Steel Markets

Swiecki: “Let Me Put You at Ease” on Automotive

Written by John Packard

Much has been made of the downshift in automotive and its impact on steel demand, but “let me put you at ease about the market slowdown,” said auto analyst Bernard Swiecki with the Center for Automotive Research.

Speaking at the Fabricators and Manufacturers Association annual meeting March 8 in Scottsdale, Ariz., Swiecki told the group the slowing of vehicle production in the NAFTA market will be modest and temporary.

U.S. sales of light vehicles declined from the peak of 17.5 million in 2016 to 17.2 million last year. That trend is expected to continue this year and next with U.S. sales forecast at 16.8 million vehicles in 2018 (sales were down 0.7 percent in January and February) and dipping further to 16.5 million in 2019. No cause for alarm, Swiecki said, as CAR forecasts a gradual rebound to sales of 17.2 million cars and light trucks by 2022. The expected trough of 16.5 million is still a very healthy level on a historical basis.

In North America, light vehicle production is expected to increase slightly from 2017 to about 17.9 million units this year. Then after a slight dip in 2019, it will grow to 18.6 million by 2022. Automakers have made capital investments in new production facilities totaling $119.5 billion since 2009, including $87.6 billion in the U.S., $24.8 billion in Mexico and $7.1 billion in Canada to prepare for future demand.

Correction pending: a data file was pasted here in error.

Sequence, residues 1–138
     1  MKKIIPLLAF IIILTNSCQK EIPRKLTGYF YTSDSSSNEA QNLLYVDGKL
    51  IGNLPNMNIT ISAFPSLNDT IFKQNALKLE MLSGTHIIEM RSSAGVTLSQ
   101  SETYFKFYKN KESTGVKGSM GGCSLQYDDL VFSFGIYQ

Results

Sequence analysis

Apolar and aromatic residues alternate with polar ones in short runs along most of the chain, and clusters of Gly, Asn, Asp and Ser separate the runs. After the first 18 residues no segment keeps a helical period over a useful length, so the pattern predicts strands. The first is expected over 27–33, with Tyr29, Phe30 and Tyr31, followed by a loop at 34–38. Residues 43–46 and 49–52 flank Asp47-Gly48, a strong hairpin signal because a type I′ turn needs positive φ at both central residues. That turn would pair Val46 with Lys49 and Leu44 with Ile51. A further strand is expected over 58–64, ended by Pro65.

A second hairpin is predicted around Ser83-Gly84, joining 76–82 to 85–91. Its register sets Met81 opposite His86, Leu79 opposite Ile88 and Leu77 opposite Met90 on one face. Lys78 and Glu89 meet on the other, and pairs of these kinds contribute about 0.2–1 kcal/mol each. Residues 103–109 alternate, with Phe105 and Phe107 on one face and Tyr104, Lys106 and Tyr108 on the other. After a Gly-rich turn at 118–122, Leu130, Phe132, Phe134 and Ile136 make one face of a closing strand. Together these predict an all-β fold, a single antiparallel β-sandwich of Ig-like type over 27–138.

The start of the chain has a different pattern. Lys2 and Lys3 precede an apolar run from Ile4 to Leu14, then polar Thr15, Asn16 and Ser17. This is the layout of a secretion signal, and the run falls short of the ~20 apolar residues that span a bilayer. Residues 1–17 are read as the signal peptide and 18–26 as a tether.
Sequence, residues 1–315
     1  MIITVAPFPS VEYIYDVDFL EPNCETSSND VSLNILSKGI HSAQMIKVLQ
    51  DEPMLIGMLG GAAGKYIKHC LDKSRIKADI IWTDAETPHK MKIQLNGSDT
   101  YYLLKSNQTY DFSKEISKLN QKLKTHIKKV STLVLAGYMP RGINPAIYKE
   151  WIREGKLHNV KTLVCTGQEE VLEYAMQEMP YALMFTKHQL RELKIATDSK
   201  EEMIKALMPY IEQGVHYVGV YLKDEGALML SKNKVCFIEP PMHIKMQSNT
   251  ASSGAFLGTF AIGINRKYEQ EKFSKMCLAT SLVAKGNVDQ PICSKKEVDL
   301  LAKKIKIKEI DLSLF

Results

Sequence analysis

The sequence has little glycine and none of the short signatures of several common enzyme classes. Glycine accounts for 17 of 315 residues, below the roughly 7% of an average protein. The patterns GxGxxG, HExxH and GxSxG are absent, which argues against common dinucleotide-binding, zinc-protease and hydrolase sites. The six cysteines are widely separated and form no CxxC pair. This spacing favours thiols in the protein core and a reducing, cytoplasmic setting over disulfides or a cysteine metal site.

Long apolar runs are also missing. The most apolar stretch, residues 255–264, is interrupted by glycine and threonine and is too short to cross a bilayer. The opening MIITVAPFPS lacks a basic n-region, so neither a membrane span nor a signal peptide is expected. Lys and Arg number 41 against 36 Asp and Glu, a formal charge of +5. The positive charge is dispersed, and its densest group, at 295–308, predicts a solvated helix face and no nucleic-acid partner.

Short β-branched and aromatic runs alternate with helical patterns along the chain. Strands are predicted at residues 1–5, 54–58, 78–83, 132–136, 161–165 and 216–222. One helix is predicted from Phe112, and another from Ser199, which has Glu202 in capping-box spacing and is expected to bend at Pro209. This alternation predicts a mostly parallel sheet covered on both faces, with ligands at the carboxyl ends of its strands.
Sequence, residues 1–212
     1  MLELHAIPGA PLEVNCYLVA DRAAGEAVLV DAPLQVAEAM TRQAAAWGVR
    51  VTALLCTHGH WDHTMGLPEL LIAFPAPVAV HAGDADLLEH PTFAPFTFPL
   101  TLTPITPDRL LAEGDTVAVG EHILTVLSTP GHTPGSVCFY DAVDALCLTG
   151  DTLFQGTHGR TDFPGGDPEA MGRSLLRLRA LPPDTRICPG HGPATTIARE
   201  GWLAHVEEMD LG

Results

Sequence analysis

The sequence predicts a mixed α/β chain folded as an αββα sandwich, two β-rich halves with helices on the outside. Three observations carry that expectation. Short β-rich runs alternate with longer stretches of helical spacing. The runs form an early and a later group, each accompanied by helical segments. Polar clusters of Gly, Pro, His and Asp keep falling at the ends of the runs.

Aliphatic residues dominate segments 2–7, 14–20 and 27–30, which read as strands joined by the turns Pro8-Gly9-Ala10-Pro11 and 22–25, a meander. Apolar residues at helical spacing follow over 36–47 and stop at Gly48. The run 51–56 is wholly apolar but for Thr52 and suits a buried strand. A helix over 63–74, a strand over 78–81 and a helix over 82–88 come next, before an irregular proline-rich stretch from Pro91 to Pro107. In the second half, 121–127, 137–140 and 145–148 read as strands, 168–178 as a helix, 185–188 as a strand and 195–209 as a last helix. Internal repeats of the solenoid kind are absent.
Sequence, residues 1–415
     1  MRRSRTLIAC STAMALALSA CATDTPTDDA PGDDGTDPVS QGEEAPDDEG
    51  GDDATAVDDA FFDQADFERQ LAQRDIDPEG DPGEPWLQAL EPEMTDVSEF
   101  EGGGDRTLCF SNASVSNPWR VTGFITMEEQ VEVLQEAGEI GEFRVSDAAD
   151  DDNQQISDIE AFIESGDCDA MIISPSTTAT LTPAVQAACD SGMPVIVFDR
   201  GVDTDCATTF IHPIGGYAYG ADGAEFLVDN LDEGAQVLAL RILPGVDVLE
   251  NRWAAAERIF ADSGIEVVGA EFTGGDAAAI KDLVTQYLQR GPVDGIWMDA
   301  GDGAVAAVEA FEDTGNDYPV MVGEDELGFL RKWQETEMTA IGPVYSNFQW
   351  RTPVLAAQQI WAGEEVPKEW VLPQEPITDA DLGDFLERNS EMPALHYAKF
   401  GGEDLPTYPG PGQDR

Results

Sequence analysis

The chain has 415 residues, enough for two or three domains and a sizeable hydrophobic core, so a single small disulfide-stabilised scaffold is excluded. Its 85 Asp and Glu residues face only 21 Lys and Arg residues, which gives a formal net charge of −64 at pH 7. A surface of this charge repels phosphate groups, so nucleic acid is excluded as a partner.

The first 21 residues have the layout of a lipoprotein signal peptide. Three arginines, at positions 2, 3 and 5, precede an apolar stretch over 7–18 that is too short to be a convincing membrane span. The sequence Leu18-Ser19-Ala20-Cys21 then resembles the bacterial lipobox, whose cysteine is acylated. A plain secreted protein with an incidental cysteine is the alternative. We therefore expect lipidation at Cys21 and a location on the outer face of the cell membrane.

Consumers continue to favor the popular crossover utility vehicles (CUVs), which now own more than a 34 percent share of the market, followed by pickups at 16 percent. Relatively cheap gasoline prices, currently averaging around $2.66 per gallon, have kept car buyers from moving toward smaller, more fuel-efficient vehicles, making it difficult for the car companies to meet the fleetwide environmental standards, now under review by the EPA. On a positive note, purchases of electrified vehicles now represent 3.3 percent of the market and are the fasted growing segment.

Several economic factors favor increased auto sales, Swiecki said. U.S. GDP is tracking at 3 percent or better. The U.S. labor market is still growing, and the unemployment rate has reached the lowest level since 2000. Two million full-time employees were added to the market last year. Wages are increasing above the inflation rate, and the stock market and household net worth have both reached historical highs.

Unfortunately, Swiecki said, vehicle sales no longer correlate precisely with economic growth. North American vehicle production declined in 2017. The balance of subprime auto loans is at high levels and the delinquency rate is rising, even though more workers have jobs. Interest rates are up, and credit availability is tightening.

On top of that, the possibility of the U.S. exiting from NAFTA adds a great deal of uncertainty to commerce, as well as steel and aluminum prices. NAFTA negotiations with Canada and Mexico are contentious. Emergence of a so-called “zombie NAFTA,” in which trade with the U.S. is not dead, but not fully alive, either, would not be good for automotive, Swiecki said.

Latest in Steel Markets